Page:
Baton Rouge is expected to be selected on Thursday as 2019 participant of the Department of Justice’s National Public Safety Partnership, says U.S. Attorney Brandon Fremin.
The program, which provides assistance to the most dangerous cities in America, began in 2017 and creates a framework to enhance existing law enforcement efforts through training and best practices. Baton Rouge had previously been named a diagnostic site for the program.
“While it’s a little bittersweet that we have to be on the list,” Fremin says, “I am encouraged greatly by the fact that the attorney general recognizes Baton Rouge could use some additional federal resources.”
Baton Rouge is the only city transitioning from a diagnostic city to be selected for the program that comes with a 3-year commitment and an annual customized training symposium.
Fremin was unable to estimate the financial impact of the program on local agencies but says they’ve started efforts to identify focuses for the local partnership, including homicides, nonfatal shooting and technological efforts by the District Attorney’s office, city police and sheriff’s office.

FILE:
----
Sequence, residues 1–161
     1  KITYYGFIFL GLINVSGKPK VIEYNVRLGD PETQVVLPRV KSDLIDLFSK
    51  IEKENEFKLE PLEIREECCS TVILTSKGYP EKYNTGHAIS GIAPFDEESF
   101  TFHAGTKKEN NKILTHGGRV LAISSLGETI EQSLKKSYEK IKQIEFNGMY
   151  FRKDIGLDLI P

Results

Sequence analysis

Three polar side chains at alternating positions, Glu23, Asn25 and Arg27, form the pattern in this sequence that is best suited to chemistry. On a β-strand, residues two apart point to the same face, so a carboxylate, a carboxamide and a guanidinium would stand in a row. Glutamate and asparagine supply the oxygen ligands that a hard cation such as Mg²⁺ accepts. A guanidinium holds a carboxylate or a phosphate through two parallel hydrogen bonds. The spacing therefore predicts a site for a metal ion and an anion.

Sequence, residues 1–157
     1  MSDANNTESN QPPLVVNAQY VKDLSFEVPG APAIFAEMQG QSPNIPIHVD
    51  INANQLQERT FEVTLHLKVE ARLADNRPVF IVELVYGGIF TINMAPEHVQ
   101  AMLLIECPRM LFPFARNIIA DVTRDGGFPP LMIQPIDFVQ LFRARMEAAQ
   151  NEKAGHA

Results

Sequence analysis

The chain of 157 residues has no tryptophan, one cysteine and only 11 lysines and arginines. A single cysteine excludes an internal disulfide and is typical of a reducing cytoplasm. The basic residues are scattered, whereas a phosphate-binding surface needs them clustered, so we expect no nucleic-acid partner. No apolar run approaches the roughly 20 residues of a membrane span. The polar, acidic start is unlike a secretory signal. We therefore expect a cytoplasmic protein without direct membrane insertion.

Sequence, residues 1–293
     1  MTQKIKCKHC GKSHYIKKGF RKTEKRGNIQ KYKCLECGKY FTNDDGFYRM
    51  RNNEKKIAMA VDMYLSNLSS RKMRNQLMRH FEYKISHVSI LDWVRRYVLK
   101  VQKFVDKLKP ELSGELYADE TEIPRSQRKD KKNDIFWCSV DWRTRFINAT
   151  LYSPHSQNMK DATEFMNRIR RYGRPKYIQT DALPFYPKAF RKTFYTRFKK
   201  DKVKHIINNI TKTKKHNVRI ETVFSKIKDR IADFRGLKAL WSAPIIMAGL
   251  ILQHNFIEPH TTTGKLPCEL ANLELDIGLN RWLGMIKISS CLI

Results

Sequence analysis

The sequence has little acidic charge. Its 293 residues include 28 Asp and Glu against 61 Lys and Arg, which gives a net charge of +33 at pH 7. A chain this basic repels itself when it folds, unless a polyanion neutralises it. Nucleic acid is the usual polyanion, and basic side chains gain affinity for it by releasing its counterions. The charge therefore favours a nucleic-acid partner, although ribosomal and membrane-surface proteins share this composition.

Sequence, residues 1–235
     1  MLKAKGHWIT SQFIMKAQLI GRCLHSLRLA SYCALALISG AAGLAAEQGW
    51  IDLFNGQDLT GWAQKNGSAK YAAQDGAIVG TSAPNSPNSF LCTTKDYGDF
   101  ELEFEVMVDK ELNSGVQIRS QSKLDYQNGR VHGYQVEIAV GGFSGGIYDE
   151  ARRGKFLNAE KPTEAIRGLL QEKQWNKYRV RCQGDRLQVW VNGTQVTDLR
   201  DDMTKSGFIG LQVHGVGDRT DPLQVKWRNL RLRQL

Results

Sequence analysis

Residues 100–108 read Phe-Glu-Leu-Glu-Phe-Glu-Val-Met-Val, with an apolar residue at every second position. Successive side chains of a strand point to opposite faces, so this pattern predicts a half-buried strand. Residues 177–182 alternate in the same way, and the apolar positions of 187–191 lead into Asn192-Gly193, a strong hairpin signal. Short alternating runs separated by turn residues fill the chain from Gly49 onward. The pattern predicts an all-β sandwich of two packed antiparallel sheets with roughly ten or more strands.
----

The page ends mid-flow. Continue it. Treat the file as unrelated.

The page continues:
While homicide rates in Baton Rouge have fallen this year, Daily Report reported last month that nonfatal shootings have increased 27% compared to last year. To curb crime, Baton Rouge Police Chief Murphy Paul detailed plans earlier this summer for the department to begin using the same records management as the East Baton Rouge Sheriff’s Office and the District Attorney’s office, allowing for easier sharing of data. A full-time police district downtown is also in the works.
“Every nonfatal shooting is one act of God, or perhaps science, away from another homicide,” says Fremin, who made the announcement at Wednesday’s Rotary Club luncheon. “We want to know how that data can help us identify dangerous offenders so we can bolster efforts already in place.”
Other cities named to the 2019 program are Amarillo, Texas; Anchorage, Alaska; Anniston, Alabama; Baltimore, Maryland; Cleveland, Ohio; Davenport, Iowa; Harris County, Texas; Oxford, Alabama; and Wichita, Kansas.